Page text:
From the photos shown in the Maclean's article, I feel that the interior public spaces are quite beautiful, i.e. the seating-performance area (warm and comfortable) and the stairway-lobby area (exciting). Both are pictured at the bottom of the page.


I still have a great fondness for the Exterior of the Initial Models for the 'space age', golden shell design, a design which apparently was changed considerably along the way. The design was debated for practicality, compatibility, ect. reasons (which I can totally sympathize with) and finally replaced with the selection of the new architects and the now existing building.

(I like the third and fourth pictures down in particular)


Although allocation of the facilities is being debated, by ballet fans in particular, the functioning of the facilities should be excellent.

I would also add that I like the old building very much. I think that it's Beautiful !

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I prefer architect Diamond's design -- what was built -- to the quirky Golden Envelope by the initial designer, Perrault. The new interior looks lovely - similar to recent designs of new opera houses in Toronto (also by Diamond), Newark (NJPAC Prudential Hall) and Copenhagen (opera house opened in '05). It's nice that they've maintained the 'grandness' of an old-fashioned opera house, with even a new Tsar's Box in the center. The Bastille Opera in Paris eschewed the horseshoe-style boxes, which is a shame, IMO.

I'm not sure that glass walls allowing passers-by to see performers in rehearsals or at class is such a great thing, though. Maybe it won't be so bad in reality? (Buddy, I hope that you're not planning on taking a folding chair to the sidewalk, to see your favorites warming up? ha-ha! Hey, even I would line-up to watch, if that were really possible!)

Renting-out the rooftop terrance? Well, at least it's not as tacky as placing new-model BMWs inside a lobby, as Kekhman has done at the Mik.

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Hi, Natalia. I'm not sure that it is possible to see the artists practicing from the outside. The large studio windows seem to be located on the second and third floors. I thought that it might have been a nice idea to be able to view them from the sidewalk, but the design was actually different.

(windows in back, at the left of photo)


Two thoughts come to mind. I had a figure skating teacher from the Ukraine who told me that as a child her grandmother would give her the cholce of visiting the local gardens or watching the ballet dancers practice from the sidewalk. Her choice was always to watch the ballet dancers and she eventually went into figure skating.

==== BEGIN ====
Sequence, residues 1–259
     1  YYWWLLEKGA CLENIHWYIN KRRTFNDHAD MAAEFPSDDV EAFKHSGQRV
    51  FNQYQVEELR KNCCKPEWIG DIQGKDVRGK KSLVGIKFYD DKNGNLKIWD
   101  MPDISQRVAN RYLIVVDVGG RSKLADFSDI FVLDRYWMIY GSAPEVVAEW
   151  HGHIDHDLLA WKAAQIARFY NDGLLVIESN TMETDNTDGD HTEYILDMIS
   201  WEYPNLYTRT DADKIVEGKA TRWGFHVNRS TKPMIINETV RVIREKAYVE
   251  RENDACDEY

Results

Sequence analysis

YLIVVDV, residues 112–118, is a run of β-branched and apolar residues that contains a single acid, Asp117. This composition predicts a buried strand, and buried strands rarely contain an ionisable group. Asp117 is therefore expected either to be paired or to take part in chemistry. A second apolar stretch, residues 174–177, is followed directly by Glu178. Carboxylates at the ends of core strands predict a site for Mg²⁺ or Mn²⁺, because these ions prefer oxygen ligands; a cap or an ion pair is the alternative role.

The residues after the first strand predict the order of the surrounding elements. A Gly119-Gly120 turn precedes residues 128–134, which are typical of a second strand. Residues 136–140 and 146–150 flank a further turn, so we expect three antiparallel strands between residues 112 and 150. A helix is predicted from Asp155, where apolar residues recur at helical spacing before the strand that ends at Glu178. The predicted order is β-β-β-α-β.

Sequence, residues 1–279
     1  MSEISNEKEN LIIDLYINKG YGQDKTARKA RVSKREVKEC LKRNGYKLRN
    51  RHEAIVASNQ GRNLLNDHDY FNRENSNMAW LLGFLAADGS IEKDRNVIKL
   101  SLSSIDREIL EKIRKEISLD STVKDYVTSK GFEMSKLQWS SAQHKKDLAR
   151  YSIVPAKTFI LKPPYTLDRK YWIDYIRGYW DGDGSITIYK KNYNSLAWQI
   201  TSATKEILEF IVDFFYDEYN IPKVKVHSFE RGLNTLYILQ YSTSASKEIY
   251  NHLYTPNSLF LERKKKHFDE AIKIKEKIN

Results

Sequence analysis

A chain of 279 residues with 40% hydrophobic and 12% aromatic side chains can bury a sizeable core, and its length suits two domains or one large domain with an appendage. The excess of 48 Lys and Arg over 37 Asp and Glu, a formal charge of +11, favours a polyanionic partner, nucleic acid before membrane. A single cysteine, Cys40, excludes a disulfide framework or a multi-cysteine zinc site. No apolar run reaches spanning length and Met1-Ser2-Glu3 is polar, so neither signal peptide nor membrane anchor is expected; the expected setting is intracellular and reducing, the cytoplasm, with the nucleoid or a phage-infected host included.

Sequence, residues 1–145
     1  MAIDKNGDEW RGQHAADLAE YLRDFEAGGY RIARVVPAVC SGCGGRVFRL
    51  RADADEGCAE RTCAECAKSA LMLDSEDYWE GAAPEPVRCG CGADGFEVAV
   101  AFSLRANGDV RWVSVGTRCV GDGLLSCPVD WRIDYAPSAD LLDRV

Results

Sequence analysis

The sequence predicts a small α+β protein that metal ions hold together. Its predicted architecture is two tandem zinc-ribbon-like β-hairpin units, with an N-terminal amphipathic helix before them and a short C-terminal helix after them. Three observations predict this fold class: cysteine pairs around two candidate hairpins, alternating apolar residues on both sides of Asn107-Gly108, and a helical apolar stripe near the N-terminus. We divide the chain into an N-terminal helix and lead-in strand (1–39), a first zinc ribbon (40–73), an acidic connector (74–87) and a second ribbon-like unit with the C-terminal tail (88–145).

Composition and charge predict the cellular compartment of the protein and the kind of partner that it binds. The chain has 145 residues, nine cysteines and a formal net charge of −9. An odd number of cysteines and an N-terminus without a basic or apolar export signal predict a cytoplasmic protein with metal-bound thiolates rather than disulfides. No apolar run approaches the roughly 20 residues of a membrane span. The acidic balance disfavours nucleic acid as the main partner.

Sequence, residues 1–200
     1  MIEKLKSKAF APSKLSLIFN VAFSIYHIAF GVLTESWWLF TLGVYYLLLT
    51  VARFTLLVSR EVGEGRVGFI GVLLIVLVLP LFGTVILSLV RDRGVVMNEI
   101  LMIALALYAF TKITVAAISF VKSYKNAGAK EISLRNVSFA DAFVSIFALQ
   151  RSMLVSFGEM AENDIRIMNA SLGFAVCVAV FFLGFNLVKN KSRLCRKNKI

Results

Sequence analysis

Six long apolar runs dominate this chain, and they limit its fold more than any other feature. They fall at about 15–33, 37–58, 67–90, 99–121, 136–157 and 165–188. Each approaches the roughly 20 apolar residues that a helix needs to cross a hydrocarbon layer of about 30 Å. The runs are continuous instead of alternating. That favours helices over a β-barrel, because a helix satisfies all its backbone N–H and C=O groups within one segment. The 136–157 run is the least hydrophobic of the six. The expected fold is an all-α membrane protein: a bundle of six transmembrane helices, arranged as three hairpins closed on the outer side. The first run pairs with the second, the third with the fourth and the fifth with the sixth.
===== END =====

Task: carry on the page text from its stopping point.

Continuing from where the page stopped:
The second is that I've read that you can do this at the Miami City Ballet building and it's a very popular pastime.

You're right. I would love doing it.

Added comment:

All the new building is by Diamond Schmitt Architects as far as I know, Natalia, except for the fact that it rests on some of the original design's foundations.

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Another thought, Natalia. It might be possible some day to add an outside walkway balcony to the studio area to make outside viewing of the practices a reality. It shouldn't be that great of an expense compared to what has already been spent. It might even add to the exterior appearance of that part of the building by breaking up some of the massiveness. It could maybe be tied into the suspension bridge passage way for weather protection.

(again referring to window area in back, at the left of photo)



Where should we set up our shingle ? "Natalia and Buddy Architectural Designers"

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..........Where should we set up our shingle ? "Natalia and Buddy Architectural Designers"

Uhhhh...I think that 'B' comes before 'N'! BudNat Enterprises. (wink)

Except for the entrance corner (the glass seen on the right of that photo), this looks like a boxy warehouse. Only the COSTCO sign is missing. The balcony-walkways would be an improvement, although the dancers may go nuts when they see the esteemed balletomanes peering in, camcorders at the ready. I had no idea that Miami City Ballet allows such a thing, i.e., the public can stand outside and watch classes/rehearsals.